What to Do with Your Money in Ghana: Part II

Trasacco Houses

Trasacco Houses valued at > $700,000

Please note: I am not a certified financial advisor in Ghana nor anywhere else.  If you’re serious about investing your money, please seek a qualified advisor.

Ok, say you’ve somehow saved $50,000 or even $100,000.  Let’s say you can’t take the money out of the country.  What do you do with those funds right now?

Conservative(?) Approach

From living in the US, one of the most boring ways to hold your money is to buy US Treasury Bills and Notes.  As people say, they are backed by the full-fledged support of the US government.  Let’s see, from Bloomberg, the 12-month (annual) yield is 0.10% and the 10-year yield is 2.42%.  Unfortunately, if you’re Ghanaian, you can’t buy these bonds from Ghana.

So, you might think that buying Ghanaian Treasuries would offer a similar level of security.  After all, the interest rate on the 12-month note is 22.5%.  Oh, but these things are denominated in cedis. F***!  Buy these and you become another cedi currency speculator.  To date, the cedi has lost more than half of its value.  If you bought this bill, then you would have lost 50 percent of its value in dollar terms — so far this year — and made 22.5%.  In other words, year-to-date you would be down -27 percent.

Stock Market

In the US, buying stocks via mutual funds is almost a requirement in most people’s retirement accounts.  For many average Americans, however, the stock market sometimes feels like entering a casino.  Most people don’t have time to study the fundamentals of a company; and yet, they are told that if they hold for the long-term, everything will be all right because stocks tend to go up — over the long-term.  I’m one of those people who like learning about individual companies so I’m somewhat biased and favor stocks as a way of investing.

Whether you believe the stock market is like a casino, you may feel encouraged to know that the US Securities and Exchange Commission tries to maintain a level-playing field for all American investors.  In other words, that means the regulators try to catch people out to game the system, e.g. fraudsters, insider traders.  People like Bernie Madoff and Rajaratnam of the Galleon Group eventually get caught and put in jail.  I’ve heard of people who are not even that important who were caught for $50K in insider trading profits. (Seriously!)  Anyways, the point is the system tries to be honest and those who seek to undermine it should be careful.

In Ghana, I was told something like “This is Africa (T-I-A)”. Remember what I wrote about people driving against a one-way sign? Well, that goes for the stock market, too.  In the 3+ years I’ve lived here, I’ve never seen an insider trading case brought before the courts reported in the papers.  Maybe the Ghanaian SEC likes to bring their cases quietly… or maybe insider trading is rampant.  Who knows?

A second thing to be concerned about is the quality of the financial information provided.  Again T-I-A.  I’ve heard too many rumors of companies and officials commingling personal and business funds that I just don’t trust the numbers used.  Furthermore, there are no stiff penalties for companies not reporting their quarterly and/or annual numbers on time.  Publicly-traded companies seem to report their numbers on their own schedule.  Some are better than others.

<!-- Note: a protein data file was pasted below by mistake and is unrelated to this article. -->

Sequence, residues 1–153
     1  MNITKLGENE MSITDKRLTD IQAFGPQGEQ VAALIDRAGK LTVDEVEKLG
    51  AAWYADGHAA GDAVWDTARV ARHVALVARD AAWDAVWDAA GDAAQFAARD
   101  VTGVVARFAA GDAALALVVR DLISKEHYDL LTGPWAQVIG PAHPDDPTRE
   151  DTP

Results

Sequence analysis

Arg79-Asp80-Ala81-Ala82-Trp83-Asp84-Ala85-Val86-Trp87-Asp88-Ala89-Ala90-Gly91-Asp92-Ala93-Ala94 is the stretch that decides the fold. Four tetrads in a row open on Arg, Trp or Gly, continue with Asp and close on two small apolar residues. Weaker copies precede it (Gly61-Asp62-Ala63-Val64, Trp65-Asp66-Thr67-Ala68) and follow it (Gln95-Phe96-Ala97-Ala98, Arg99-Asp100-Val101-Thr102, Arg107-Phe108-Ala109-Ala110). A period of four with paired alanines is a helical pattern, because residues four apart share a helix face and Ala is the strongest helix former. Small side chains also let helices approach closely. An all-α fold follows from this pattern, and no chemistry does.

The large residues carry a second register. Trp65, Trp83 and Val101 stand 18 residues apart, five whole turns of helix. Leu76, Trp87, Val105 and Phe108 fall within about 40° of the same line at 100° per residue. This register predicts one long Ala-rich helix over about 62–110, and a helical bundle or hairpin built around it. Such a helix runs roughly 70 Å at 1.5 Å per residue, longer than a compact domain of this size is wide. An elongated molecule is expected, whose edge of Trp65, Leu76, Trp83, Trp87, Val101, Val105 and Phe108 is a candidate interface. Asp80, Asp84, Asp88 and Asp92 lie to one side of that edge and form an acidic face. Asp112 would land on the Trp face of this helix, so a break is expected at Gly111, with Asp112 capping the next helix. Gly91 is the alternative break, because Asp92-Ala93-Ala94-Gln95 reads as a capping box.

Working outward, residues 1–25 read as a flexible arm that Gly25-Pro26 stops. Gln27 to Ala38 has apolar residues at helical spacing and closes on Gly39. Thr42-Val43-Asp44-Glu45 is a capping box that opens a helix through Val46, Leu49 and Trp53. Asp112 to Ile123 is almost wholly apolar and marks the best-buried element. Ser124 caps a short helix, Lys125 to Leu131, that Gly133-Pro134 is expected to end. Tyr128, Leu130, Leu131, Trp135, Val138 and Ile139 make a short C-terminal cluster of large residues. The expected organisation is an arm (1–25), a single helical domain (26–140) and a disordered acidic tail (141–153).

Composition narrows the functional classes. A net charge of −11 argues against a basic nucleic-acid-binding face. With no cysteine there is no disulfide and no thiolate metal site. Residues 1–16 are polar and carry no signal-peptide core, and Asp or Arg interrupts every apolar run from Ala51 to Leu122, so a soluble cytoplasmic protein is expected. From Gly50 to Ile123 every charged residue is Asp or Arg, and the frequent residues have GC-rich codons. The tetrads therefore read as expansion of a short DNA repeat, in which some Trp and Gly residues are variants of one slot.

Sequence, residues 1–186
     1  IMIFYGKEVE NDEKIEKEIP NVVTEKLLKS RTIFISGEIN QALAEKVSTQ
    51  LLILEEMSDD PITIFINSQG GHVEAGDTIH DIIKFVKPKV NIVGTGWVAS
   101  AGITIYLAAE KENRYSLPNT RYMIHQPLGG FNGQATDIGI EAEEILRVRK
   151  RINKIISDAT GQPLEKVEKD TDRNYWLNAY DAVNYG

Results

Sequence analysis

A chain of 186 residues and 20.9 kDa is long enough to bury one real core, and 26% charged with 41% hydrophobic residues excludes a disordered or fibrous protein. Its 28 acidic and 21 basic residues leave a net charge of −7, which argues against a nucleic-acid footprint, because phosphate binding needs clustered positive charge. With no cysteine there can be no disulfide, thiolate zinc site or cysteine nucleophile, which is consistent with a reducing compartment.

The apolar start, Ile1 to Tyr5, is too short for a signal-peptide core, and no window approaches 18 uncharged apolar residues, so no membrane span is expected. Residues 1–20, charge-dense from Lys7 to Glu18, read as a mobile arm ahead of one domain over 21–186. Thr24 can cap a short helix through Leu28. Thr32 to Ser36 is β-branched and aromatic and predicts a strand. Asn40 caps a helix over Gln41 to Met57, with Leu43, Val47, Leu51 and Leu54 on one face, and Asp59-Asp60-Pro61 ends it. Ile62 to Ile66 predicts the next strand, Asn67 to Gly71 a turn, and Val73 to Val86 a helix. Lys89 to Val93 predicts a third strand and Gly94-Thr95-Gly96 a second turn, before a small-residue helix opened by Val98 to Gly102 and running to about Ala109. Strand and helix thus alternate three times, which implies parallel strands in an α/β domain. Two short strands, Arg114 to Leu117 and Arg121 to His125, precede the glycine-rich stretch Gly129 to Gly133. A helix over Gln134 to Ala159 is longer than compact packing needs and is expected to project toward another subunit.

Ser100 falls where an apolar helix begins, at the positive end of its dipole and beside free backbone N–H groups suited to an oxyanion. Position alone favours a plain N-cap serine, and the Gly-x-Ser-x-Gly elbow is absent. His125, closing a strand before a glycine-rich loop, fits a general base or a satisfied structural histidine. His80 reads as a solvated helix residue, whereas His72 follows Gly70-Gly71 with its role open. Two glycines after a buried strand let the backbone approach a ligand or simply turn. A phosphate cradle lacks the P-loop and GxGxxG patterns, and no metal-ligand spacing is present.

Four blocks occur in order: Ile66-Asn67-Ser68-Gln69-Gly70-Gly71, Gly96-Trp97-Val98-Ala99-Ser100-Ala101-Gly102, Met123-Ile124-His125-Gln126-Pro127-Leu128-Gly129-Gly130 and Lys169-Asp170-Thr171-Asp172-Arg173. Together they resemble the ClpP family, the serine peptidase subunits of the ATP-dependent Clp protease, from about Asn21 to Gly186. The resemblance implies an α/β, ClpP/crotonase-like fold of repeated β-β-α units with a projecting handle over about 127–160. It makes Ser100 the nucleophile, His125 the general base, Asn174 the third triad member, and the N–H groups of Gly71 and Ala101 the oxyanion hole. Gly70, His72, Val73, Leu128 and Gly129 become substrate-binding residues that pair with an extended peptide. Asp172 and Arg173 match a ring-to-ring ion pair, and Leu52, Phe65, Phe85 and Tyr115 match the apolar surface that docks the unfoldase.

Lastly, again, Ghanaian stocks are denominated in cedis.  Again, you have to worry about currency risk.

Bonds?

Most people in the US buy bond exposure through bond funds offered by the experts, e.g. PIMCO, Black Rock, and some wealthy investors buy them individually through their broker.  In Ghana, I honestly don’t know too much about what corporate bonds are offered.  Again, buying Ghanaian corporate bonds exposure you to currency risk.

Microfinance Institutions

There is a bit of a gray area out there for people seeking higher yields but don’t want to put their money in stocks or bonds.  You can also lend your money to a microfinance company.

The Grameen Bank of India made “microfinance” sound cool and altruistic.  Perhaps lending money in small amount ($50) to women in India works by helping them transition from poverty to middle class through entrepreneurship, but in Ghana microfinance is synonymous is usury.

Real Estate

That leaves one obvious asset class: real estate.  If you’re simply looking for a store of value, I would suggest buying an existing property, then calculating the rental yield (Annual rent/purchase price)  Most properties in Ghana are purchased with 100% cash. Generally, buying an existing property reduces the title risk inherent in buying and building on purchased land.  Unlike most other assets, rents are quoted in dollars.

Your money is somewhat protected because all of the items required to build a house must be imported.  Other people should value your property at least equal to replacement cost.

If you don’t buy an existing property, then your alternative is to buy to-be-build properties.  With well-known companies that have track records, then the risk that they won’t finish (on time) is diminished.  On the other hand, if you go with a newer developer, then you run the risk that the project is not completed on time — or worse, doesn’t get completed at all.  Good luck trying to get your money back!

Real estate’s other advantage is that it’s something “real”.  In this part of the world, it’s sometimes hard to figure out who to trust.  Thus, if you go through the normal channels with contracts and attorneys, then you can be relatively sure that you’ll get something in exchange for your money.

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